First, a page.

Jiří Kolář

Jiří Kolář’s collages, the artist explains in his Dictionary of Methods, “are made to be laid out flat, to be seen from all angles.” But, he adds with typical true-false naiveté, “they can also be hung.” The fifty-odd works in this exhibit are indeed hung, but they have been guaranteed a horizontal existence as well, figuring as they do among the 110 collages in the recently published French translation of the Dictionary of Methods (written in French in 1983 and already translated into English, German, and Italian) True to its title, the Dictionary consists of 118 alphabetical entries, from “Agit-Prop” to “Voiles” (Veils) which offer technico-philosophical commentaries on the various categories and subcategories of collages that Kolář has invented over the last forty years.

By virtue of proximity—entry on one page, collage facing—the collages could be said to illustrate the text. But the reverse is also true, and the dictionary format—as opposed to the wall—implies not only a different relationship to gravity, and to time (the life of an exhibit versus that of a book), but also a different reading of what Kolář has always conceived of as his “visual poems.” On the wall, the individual works belong to a common visual field. They are all relatively small; they are meticulously executed, and almost without exception, they consist of a patchwork of printed words—snippets of texts in recognizable but not necessarily readable languages and scripts (including musical notation and braille)—overlaid in turn with reproductions of the old and newer masters, maps, magazine ads, and/or everyday objects like shirt-sleeves or keys. The overriding impression is just that: a series of variations on a theme of self-questioning that has to do with language, art, and the elusiveness of meaning.

In the Dictionary, by contrast, the collages assume a discrete and sequential existence within the conceptual field of Kolář’s texts. Written in the first person singular by someone who has known poverty, political dissidence, grave illness, and exile as intimately as he has studied the old masters, these entries not only permit but ensure that each work will “be seen from all sides,” visually and otherwise. Take for example what Kolář has to say about the Jalousie-Franges (Jalousie-fringes, 1981, in this instance out of a reproduction of Ingres’ The Turkish Bath, 1859–63, which now flutters like a curtain over a map of the constellations): “[An] idea whose first glow sparkles between the fringes of old napkins. To which is added the desire to penetrate the impermeable. Then the feeling of my own permeability every time I’m caught in a lie, an injustice, or dishonesty. Finally, the conscience of a foreign penetration and a demented accusation during interrogations and moments when I found myself exposed to the most stupid reproaches on the part of my enemies or, also, inclined to receive anger, tenderness, enthusiasm, disappointments.”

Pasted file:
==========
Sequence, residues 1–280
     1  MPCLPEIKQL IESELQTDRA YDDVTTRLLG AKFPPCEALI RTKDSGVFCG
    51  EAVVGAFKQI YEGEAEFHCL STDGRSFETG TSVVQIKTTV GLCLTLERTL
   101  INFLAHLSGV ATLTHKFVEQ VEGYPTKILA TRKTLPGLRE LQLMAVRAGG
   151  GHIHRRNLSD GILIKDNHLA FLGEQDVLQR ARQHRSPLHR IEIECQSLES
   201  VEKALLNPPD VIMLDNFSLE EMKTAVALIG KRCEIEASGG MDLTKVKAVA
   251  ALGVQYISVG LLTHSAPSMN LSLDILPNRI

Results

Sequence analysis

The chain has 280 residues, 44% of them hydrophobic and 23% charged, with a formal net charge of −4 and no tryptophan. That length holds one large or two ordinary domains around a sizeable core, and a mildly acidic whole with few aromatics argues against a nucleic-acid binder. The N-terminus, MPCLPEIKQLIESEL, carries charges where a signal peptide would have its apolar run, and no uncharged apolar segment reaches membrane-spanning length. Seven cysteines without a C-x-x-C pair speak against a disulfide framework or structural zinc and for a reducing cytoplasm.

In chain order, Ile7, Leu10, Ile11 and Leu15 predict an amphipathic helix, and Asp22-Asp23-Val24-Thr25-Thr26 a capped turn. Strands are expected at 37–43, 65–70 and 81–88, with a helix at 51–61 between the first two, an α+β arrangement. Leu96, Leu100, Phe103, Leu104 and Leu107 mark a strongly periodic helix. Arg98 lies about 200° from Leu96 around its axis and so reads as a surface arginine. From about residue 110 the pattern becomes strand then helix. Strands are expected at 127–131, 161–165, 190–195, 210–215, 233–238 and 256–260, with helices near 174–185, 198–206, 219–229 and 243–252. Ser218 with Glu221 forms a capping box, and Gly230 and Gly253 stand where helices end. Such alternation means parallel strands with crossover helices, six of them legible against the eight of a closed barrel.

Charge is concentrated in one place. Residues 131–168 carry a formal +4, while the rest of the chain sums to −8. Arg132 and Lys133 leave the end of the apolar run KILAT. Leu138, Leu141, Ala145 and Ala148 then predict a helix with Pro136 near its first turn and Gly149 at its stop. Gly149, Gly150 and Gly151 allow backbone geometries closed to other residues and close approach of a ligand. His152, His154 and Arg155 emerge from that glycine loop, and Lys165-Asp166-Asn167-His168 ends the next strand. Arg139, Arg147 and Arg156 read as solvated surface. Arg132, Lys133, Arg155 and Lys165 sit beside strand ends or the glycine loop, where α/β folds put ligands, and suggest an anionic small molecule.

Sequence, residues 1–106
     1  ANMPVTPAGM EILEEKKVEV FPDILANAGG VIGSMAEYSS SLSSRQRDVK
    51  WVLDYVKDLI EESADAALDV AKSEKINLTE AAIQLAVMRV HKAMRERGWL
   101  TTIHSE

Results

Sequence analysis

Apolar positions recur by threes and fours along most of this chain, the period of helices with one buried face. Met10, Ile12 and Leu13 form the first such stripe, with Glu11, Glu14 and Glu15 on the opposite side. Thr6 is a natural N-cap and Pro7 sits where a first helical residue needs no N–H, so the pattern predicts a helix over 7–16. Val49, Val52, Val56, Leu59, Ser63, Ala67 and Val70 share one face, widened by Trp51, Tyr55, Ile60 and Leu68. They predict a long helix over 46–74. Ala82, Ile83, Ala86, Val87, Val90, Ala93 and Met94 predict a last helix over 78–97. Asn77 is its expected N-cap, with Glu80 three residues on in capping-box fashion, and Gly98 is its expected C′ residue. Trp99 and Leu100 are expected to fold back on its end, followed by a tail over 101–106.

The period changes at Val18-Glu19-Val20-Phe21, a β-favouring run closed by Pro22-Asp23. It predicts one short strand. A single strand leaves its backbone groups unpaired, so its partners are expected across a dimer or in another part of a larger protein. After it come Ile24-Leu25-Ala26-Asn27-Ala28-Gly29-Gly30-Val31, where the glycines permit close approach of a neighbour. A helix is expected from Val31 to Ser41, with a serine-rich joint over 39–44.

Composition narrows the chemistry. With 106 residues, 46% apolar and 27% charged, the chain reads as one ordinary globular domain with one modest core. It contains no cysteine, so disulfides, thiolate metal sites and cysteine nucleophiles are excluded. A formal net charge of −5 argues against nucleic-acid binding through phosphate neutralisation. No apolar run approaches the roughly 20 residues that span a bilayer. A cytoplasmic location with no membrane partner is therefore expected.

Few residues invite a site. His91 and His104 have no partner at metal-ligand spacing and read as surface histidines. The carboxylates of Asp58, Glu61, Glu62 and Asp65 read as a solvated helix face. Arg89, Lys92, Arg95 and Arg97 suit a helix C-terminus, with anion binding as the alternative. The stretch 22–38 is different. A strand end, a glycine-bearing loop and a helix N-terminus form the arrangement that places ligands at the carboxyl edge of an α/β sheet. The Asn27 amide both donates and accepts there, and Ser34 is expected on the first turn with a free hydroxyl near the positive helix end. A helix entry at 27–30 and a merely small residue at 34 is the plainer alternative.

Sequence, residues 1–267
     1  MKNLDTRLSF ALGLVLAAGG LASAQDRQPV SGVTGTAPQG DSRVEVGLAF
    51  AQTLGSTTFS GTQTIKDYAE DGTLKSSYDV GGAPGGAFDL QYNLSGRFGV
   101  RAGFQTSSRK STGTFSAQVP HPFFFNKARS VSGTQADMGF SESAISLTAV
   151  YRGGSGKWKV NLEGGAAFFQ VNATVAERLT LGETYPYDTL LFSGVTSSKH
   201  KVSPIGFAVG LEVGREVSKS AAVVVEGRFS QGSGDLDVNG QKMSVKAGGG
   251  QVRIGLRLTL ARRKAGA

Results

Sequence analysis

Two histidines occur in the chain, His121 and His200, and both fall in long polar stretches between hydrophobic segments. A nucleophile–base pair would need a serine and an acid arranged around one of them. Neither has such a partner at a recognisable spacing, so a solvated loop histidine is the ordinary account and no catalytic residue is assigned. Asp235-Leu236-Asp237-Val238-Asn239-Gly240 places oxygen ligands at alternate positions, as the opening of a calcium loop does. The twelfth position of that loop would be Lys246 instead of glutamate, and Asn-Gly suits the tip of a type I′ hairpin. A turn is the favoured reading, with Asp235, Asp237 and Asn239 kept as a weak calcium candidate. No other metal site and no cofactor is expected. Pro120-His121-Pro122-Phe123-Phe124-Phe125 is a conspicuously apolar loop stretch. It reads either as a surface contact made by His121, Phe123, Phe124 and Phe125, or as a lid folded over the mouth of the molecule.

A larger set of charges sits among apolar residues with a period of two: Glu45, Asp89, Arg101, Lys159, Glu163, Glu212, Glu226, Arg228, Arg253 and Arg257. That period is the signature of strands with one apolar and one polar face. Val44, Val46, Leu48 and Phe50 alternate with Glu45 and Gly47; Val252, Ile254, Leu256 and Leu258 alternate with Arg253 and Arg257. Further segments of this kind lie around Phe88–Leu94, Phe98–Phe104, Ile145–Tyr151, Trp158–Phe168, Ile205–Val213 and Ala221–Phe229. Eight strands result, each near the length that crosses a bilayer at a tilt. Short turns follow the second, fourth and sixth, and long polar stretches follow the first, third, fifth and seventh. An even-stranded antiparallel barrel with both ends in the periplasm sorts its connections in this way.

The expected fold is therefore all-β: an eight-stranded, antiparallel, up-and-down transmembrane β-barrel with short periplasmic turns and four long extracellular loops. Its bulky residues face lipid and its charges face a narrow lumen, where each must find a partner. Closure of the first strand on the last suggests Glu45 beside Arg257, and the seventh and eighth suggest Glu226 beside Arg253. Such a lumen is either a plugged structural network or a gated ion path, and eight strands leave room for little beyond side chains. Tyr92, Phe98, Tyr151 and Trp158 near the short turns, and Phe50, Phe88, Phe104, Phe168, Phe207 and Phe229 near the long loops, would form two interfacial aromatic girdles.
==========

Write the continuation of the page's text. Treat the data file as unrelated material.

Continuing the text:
Essentially, Kolář’s “methods” are latter-day tropes, figures of speech (or more properly, perhaps, figures of vision) through which he seeks to explore and express the world around him. In fact, he came to collage not from the visual arts but from literature, through the successive catalysts of Futurism, concrete poetry, the 1948 coup in Czechoslovakia, and a late ’50s visit to Auschwitz: “In the face of the evidence of the concentration camps,” he writes in another Dictionary entry, “practically all of literature strikes me as senseless rambling.” Ever since, he has pursued the Sisyphusian task of destruction and construction, literally tossing about words and images in order to create some kind of meaning for himself and others who are willing to take the risk. As he writes in the entry on “Froissages” (“crumplages” in English, made by crumpling images that have been soaked in water): “The analogies offered by life, analogies with events and explosions of fate that crumple human beings so suddenly and so profoundly that they can never be flattened out again, . . . have in themselves persuaded me of the usefulness of my work, the possibility of arriving at new knowledge.”

Miriam Rosen